Last Saturday I wrote a small snippet of a story and by using it as a template, I want to highlight important storytelling elements. This will be an ongoing series.
The Lowest Point
My wife and I enjoy watching Jane the Virgin (on Netflix. We are behind so please no spoilers!!) There is a brief story arc in which Jane’s father, international telenovela star Rogelio, is kidnapped by a stalker. Throughout the episode, he is planning his escape. He is getting friendly with his captor, being on good behavior and then the moment comes and he is about to escape. He is right at the door and he is caught.
While reflecting on this scene I thought, “I know why he didn’t escape. He hasn’t reached his lowest point yet.”
The lowest point is part of a character’s story arc. They have an obstacle, someone or something is standing in their way. Often, plans do not work out right the first time (just like real life!), and they enter their lowest point.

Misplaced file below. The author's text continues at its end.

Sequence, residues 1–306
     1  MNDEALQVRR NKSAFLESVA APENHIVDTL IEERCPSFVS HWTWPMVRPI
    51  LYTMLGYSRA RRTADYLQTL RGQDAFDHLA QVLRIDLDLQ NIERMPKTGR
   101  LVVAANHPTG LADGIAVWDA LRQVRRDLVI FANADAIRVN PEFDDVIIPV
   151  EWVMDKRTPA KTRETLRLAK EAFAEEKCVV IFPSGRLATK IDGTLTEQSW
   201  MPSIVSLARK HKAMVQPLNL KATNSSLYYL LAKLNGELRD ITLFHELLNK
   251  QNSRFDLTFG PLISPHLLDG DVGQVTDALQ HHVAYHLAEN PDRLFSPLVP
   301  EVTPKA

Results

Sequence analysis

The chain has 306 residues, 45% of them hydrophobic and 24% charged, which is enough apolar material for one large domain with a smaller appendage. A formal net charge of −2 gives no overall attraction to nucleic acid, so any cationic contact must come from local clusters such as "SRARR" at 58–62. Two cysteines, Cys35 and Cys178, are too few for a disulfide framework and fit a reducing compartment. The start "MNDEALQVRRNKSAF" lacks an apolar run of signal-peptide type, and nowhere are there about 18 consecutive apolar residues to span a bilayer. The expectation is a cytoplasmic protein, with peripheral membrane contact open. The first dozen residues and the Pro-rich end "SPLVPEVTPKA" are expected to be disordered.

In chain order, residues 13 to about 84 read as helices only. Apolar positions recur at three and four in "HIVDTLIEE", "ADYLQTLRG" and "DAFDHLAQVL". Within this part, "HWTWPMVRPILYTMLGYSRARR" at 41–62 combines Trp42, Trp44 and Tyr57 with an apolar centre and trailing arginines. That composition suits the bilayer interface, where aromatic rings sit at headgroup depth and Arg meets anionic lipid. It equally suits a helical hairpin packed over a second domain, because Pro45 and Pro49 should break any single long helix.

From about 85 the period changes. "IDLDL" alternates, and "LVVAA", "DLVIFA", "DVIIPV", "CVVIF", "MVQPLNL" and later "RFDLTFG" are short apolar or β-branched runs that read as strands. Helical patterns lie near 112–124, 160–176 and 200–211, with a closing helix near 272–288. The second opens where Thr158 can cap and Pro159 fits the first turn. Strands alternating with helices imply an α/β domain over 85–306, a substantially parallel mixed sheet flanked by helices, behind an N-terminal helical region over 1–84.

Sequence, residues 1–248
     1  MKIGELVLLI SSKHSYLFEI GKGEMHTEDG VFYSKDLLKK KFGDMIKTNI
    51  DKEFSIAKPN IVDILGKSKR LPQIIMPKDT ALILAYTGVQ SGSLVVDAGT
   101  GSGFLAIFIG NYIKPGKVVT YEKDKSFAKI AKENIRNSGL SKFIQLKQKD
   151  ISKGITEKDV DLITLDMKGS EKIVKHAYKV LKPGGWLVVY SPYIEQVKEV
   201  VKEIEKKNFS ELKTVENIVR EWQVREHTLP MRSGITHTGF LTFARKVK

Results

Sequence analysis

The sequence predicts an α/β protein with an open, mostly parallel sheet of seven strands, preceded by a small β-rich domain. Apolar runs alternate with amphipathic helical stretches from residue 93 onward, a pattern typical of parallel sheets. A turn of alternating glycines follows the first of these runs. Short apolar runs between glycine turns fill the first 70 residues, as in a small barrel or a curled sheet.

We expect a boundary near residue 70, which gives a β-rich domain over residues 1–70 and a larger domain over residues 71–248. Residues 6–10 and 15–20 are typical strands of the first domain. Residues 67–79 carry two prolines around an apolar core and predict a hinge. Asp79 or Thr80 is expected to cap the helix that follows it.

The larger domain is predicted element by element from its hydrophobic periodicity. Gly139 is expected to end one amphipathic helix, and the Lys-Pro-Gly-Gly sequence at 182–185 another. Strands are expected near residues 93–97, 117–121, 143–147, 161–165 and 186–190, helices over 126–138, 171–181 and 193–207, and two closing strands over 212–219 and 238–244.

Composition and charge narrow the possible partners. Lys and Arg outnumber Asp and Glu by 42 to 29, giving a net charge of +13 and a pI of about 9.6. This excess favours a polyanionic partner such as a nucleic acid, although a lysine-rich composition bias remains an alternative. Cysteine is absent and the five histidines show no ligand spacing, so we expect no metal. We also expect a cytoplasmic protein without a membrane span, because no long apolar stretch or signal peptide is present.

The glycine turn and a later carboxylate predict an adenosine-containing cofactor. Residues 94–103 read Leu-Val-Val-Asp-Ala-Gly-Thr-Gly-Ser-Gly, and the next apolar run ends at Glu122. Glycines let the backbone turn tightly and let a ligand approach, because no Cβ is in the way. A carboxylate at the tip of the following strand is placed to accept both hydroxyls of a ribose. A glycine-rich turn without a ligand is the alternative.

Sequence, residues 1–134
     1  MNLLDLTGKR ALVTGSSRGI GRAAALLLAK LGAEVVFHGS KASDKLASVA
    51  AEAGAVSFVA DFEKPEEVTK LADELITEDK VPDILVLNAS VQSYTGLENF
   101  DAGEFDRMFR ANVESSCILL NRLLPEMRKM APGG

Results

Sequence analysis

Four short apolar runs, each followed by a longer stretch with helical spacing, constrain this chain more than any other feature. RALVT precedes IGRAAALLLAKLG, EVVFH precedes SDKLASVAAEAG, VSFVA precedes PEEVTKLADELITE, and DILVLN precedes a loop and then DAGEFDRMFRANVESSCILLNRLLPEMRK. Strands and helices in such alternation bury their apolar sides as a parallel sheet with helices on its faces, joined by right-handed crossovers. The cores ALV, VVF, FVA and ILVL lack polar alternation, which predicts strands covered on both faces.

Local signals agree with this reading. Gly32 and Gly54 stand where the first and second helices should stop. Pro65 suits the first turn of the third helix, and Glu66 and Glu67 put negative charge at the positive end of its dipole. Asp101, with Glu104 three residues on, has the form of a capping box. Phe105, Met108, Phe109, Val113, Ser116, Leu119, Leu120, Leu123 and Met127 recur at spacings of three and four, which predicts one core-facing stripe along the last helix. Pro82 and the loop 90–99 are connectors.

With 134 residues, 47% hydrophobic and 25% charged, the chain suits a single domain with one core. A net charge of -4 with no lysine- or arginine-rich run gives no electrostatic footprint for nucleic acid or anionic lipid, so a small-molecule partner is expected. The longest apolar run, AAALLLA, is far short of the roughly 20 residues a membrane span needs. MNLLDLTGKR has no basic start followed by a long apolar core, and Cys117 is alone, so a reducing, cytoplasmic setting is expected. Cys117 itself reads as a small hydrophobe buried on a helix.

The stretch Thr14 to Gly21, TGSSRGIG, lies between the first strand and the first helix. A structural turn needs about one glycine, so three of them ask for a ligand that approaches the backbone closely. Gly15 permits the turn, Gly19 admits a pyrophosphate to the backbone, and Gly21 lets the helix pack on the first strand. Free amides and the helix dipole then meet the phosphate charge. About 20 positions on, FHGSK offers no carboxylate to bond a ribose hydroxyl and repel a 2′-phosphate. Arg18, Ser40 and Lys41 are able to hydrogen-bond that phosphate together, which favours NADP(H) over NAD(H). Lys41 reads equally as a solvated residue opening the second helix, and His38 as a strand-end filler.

Try this exercise. Raise your hand as high as you can. I know it’s silly but no one is watching so go ahead, as high and you can. Now, raise it higher. You were probably able to raise your hand even higher the second time despite, supposedly, raising it as high as you could the first time.
For a character’s story arc, this can be inversed. What is the character’s lowest point? Now go lower.
It’s mean, as a writer to do that to someone, even fictional, but the lowest point contrasts with the success, making the victory even better.
In my short narrative, I tried to demonstrate the lowest point. In an instant everything was taken from him, especially the woman he loved. And he was hopeless to save his people. He was in his lowest point. But a question creeps into the mind, now how does he escape?
The deeper the hole, the more the reader wants to see the hero succeed. How do they get out? As one sees the characters succeed it gives hope to real life events.